Murky land deal strikes the IAS at its core

Murky land deal strikes the IAS at its core

The media reports about certain land-related issues involving a close family member of Karnataka’s senior-most bureaucrat has brought the entire state bureaucracy, particularly the IAS, to ridicule. Developments on the issue, reported so far, have also further eroded the image of the government. How on earth can one justify the action of the government in asking any subordinate officer to enquire into the matter in which his/her super boss may have direct or indirect interest? 

It is not the first time that a senior bureaucrat’s role is under scanner; nor is it going to be the last. Let us not pre-judge the issue. We must wait for the facts to come out in public domain. However, what is most disturbing is that damage to the image of the government and the bureaucracy, particularly the IAS, is already done.

In a democracy, the ultimate authority as well as responsibility to run the government lies with the elected political executive. The role of bureaucracy is to assist the political executive in discharging latter’s duties. They also assist the political executive in policy formulation.

However, they play a much greater role in the implementation of the policies and programmes of the government. It is in this role that they act as the main instruments of the government and are largely responsible for the success or failure of the government policies and programmes.

Unfortunately, over the years, the elected representatives found out that the business of law making was not as lucrative as implementation of government programmes, as it was there that money had to be spent and also to be made. Therefore, they wanted a direct role in the running of the government. Over time, they have succeeded in having greater say in the affairs of the government, particularly in their constituencies. In fact, today nothing moves in their constituencies without their approval. They even decide the transfers and postings of local officers and their tenures. And all these powers are enjoyed by them, without much responsibility.

This arrangement has become so entrenched that most officers now directly approach the politicians for all their administrative matters. This has eroded the hierarchical command and control of bureaucracy. There is a direct nexus between the politicians and the bureaucrats, including senior bureaucrats. This short-circuiting has considerably reduced discipline as well as respect for rules and regulations among the bureaucracy. It has also made the bureaucrats more corrupt. People frequently tell me that Karnataka is now one of the leading states in corruption. I only hope it is not true.

The political executive has the absolute authority to select the state’s chief secretary. They have every right to overlook the senior most officer(s) and select the candidate of their choice. And sometimes, senior most officers have been superseded in the past, though not for the best reasons. The state politicians have complete information about all its senior bureaucrats, including their personal lives and their political connections. Their reputation for honesty, competence and integrity is also known to them. But would they like honest officers, particularly when so much money can be and has to be made in various deals? One should not be an idealist and hope that we will have an honest government in the near future.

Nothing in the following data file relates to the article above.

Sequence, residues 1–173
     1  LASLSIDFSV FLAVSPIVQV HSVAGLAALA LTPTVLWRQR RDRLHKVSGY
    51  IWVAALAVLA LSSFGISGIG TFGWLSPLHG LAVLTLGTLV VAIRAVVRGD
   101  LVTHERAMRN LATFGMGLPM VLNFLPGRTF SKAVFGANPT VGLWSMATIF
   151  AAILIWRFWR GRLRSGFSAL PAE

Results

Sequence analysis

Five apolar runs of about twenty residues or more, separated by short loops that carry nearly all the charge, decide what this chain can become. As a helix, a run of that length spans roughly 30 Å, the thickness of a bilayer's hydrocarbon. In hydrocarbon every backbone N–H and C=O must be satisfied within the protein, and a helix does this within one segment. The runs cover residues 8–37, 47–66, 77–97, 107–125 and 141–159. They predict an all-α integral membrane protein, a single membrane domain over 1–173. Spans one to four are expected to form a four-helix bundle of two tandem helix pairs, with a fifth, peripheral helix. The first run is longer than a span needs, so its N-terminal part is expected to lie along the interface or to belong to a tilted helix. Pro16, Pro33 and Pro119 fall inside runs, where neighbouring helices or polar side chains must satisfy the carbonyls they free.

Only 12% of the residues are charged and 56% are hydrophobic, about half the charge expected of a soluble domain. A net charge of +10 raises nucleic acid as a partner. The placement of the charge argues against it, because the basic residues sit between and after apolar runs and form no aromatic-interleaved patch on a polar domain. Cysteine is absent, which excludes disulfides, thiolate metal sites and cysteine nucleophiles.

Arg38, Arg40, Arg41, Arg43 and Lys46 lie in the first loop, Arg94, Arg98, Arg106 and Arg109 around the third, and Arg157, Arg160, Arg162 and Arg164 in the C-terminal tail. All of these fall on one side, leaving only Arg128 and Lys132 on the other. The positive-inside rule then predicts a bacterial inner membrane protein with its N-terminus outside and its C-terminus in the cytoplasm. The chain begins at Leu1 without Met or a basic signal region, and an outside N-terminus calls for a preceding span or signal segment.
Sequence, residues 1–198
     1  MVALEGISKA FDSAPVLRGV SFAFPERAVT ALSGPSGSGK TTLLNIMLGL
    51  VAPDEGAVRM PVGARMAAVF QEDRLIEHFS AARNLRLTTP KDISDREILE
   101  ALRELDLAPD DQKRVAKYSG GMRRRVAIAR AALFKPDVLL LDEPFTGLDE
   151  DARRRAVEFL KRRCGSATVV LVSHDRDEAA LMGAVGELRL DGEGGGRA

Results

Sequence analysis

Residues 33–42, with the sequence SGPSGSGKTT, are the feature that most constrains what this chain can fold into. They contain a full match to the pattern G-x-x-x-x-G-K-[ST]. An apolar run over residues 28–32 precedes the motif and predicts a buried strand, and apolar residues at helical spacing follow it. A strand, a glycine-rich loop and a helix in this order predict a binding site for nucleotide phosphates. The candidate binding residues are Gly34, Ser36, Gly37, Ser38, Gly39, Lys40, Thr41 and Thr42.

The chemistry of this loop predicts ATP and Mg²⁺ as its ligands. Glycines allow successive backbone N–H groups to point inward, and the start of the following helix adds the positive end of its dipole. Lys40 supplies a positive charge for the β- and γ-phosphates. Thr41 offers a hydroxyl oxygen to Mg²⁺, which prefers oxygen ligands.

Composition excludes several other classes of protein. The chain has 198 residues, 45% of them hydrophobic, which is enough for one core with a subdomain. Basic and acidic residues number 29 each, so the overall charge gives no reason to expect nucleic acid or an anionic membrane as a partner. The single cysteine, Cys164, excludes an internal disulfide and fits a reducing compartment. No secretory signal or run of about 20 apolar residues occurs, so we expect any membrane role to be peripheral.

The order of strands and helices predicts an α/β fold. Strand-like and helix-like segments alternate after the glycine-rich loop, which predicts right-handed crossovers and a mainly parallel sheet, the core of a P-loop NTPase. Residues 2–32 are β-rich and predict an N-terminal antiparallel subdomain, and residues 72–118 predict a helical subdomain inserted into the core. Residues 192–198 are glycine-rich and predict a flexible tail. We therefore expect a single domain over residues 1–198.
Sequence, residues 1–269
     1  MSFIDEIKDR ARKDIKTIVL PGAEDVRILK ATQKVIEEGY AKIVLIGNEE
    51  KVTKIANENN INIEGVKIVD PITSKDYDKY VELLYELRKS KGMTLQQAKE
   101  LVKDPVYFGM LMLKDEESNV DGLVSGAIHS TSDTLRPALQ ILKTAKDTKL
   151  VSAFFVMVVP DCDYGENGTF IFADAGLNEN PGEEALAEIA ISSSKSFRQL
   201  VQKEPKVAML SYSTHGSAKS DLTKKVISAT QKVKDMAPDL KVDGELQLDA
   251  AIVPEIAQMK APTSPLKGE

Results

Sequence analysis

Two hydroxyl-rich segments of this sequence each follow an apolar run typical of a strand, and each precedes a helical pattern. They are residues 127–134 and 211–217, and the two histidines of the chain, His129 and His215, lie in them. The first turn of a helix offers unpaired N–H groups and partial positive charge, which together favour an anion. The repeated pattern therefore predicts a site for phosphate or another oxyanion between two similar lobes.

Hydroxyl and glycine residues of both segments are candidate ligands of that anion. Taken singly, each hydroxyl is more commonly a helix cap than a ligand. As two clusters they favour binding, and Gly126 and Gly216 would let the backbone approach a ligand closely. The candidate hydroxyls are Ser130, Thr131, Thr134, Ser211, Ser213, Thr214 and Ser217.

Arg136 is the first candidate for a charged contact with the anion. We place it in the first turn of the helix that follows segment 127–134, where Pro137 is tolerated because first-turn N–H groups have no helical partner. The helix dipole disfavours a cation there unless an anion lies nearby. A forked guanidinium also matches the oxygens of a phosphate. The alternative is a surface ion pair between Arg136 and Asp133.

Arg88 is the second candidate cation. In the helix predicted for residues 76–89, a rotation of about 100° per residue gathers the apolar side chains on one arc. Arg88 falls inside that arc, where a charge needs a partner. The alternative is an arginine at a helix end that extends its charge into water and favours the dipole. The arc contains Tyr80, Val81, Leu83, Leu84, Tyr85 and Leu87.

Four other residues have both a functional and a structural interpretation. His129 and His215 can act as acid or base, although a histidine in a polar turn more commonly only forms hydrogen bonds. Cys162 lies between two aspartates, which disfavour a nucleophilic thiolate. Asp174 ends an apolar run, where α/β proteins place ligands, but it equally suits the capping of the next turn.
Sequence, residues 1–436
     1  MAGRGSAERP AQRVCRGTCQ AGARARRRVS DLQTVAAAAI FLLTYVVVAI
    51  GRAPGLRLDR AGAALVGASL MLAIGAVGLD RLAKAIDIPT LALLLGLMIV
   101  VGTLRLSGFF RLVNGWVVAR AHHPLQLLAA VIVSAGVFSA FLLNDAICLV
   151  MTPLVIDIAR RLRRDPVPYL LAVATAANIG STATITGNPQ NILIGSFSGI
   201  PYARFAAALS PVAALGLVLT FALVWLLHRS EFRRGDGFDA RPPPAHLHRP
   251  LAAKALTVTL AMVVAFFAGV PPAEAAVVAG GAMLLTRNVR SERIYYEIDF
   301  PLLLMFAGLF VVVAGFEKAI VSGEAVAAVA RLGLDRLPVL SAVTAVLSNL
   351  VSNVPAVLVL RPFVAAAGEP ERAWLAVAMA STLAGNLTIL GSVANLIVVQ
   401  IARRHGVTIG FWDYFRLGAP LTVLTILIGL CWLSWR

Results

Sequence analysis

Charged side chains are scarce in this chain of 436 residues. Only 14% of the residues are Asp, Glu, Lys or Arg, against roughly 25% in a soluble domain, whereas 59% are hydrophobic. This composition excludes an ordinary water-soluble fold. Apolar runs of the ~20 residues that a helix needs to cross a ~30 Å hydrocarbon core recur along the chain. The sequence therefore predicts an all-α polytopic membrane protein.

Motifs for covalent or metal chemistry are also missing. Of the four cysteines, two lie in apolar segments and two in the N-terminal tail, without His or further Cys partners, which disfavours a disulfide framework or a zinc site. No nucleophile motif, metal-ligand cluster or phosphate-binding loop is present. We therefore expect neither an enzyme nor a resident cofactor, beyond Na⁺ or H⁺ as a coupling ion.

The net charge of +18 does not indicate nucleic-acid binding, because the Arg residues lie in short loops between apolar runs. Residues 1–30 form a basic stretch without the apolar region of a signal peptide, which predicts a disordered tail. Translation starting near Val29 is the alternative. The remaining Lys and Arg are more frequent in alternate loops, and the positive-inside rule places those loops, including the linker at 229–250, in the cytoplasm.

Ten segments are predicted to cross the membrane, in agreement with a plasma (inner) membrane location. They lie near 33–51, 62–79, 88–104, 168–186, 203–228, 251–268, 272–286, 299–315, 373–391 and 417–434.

And now let us look at the country’s most prestigious and sought after civil service - the IAS. The All India Services owe their very existence to Sardar Patel, who strongly argued in the Constituent Assembly for the retention, adaptation and expansion of the civil services: “I wish to place on record in this House that if, during the last two or three years, most of the members of the services had not behaved patriotically and with loyalty, the Union would have collapsed.”

Adhering to objectives

Let us also not forget the important objectives with which All India Services were created. These are: (a) preserving national unity and integrity and uniform standards of administration; (b) neutrality and objectivity: non-political, secular and non-sectarian outlook; (c) competence, efficiency and professionalism – at entry by attracting the best and brightest and throughout the career; (d) integrity; and, e) idealism. 

Members of the IAS must reflect and see whether they can claim that they have come up to the standards expected of them by the framers of the Constitution, Government of India and the people of India. The IAS was once called the steel frame of Indian administration. With time, steel seems to have been replaced by bamboo! No wonder, it is under attack from all quarters and knives are out from its critics.

The service has an uphill task to win back public support and to retain its primacy among the civil services. While introduction of some of the reforms, like setting up of the Civil Services Board, may help matters to some extent, the real improvement is possible only if its members act as trustees of public interest and safeguard these interests. And in doing so, they must be willing to go through hardships associated with transfers, enquiries and even suspensions.

The officers alone will have to find solutions to their problems. They need to make their service associations more active. They need to put pressure on their corrupt members to behave. They must also expose such elements and even boycott them socially.

Fortunately, there are still many honest IAS officers. They must be encouraged and their associations must stand by them when they are harassed by the corrupt. I am sure they can find many more effective ways to improve the conduct of their
members. The time is running out for them and they must act fast.

(The writer, a retired IAS officer, was Additional Chief Secretary, Government of Karnataka)
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